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The division's objectives are to promote the advancement of knowledge and understanding of the fundamental physical phenomena characterizing nuclear reactors and other nuclear systems. The division encourages research and disseminates information through meetings and publications. Areas of technical interest include nuclear data, particle interactions and transport, reactor and nuclear systems analysis, methods, design, validation and operating experience and standards. The Wigner Award heads the awards program.
2023 ANS Winter Conference and Expo
November 12–15, 2023
Washington, D.C.|Washington Hilton
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Nuclear Science and Engineering
Fusion Science and Technology
National Museum of Nuclear Science and History explores “atomic” culture
For many of us, the toys of our childhood leave indelible marks on our consciousness, affecting our long-term perceptions and attitudes about certain things. Hot Wheels may inspire a lifelong fascination with fast, flashy automobiles, while Barbies might shape ideas about beauty and self-image. For the generation who grew up during the Atomic Age—the post–World War II era from roughly the mid-1940s to the early 1960s—the toys, games, and entertainment of their childhoods might have included things like atomic pistols, atomic trains, rings with tiny amounts of radioactive elements, and comic books, puzzles, and music about nuclear weapons.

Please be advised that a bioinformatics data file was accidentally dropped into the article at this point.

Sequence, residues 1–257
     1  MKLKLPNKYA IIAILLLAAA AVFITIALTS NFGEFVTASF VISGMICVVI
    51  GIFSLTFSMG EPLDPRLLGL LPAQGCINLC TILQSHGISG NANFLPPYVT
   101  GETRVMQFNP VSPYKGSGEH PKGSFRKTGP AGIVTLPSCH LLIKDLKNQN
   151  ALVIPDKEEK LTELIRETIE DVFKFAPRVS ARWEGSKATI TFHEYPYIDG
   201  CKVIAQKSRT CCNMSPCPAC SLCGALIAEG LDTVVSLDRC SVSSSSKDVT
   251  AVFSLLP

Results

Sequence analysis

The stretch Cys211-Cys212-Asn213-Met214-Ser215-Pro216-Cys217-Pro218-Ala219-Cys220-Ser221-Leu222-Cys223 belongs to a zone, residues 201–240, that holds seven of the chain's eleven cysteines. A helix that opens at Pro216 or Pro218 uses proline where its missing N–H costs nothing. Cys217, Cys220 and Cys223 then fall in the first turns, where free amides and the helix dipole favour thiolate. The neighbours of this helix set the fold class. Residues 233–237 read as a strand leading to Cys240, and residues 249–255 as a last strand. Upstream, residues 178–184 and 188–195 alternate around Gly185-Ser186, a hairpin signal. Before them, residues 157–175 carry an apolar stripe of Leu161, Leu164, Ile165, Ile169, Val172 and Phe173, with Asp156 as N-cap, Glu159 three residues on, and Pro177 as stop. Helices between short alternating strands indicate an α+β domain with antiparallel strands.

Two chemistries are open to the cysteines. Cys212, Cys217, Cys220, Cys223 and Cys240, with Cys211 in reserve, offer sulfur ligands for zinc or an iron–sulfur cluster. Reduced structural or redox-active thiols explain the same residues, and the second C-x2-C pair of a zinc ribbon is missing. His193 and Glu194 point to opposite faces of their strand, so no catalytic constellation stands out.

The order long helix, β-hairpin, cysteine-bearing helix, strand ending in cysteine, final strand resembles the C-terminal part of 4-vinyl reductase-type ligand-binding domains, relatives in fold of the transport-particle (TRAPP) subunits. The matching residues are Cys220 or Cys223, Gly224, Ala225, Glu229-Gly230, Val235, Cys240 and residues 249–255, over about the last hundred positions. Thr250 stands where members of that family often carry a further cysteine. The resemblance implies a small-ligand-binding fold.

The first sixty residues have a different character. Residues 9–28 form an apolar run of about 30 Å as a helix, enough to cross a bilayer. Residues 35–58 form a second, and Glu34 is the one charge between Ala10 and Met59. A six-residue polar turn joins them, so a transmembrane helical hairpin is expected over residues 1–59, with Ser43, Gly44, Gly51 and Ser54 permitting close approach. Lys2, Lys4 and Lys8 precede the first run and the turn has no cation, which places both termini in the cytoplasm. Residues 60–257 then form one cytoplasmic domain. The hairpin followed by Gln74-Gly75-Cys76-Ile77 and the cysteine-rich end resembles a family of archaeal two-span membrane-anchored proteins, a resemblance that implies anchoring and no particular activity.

M. A. Talarico, P. F. F. Frutuoso e Melo, I. B. Gomes
Nuclear Technology | Volume 209 | Number 5 | May 2023 | Pages 745-764
Technical Paper | doi.org/10.1080/00295450.2022.2155021
Articles are hosted by Taylor and Francis Online.
This study presents a method for inferring the potential variabilities that need to be computed in a model developed using the Functional Resonance Analysis Method (FRAM) by means of adapting a questionnaire used in the Resilience Analysis Grid method. The proposed method, called in this study the indirect method, is compared to the technique prescribed in FRAM to acquire variabilities for each system’s functions in the specific case of a FRAM model for obtaining a nuclear-powered submarine and its land support facility, hereinafter called the Combined Nuclear Facility (CNF). It should be noted that this model encompasses the design, the nuclear licensing process, and the construction of the CNF and aims to help to point out weaknesses in nuclear safety. The results show that 55.17% of the variability data obtained from both methods was identical (by exploratory data analysis), and a chi-square test of independence, conducted between method type and variability category, displayed that there was not a statistically significant association between method type and variability category. Thus, the null hypothesis cannot be rejected, and variability category and method type are independent of each other. Additionally, a qualitative comparison of a FRAM instantiation is presented using variabilities from the two methods, which resulted in small differences that apparently do not affect the overall result of the FRAM analysis. Therefore, it is concluded that the indirect method used to obtain information on the variability of functions of the model for obtaining the CNF is adequate.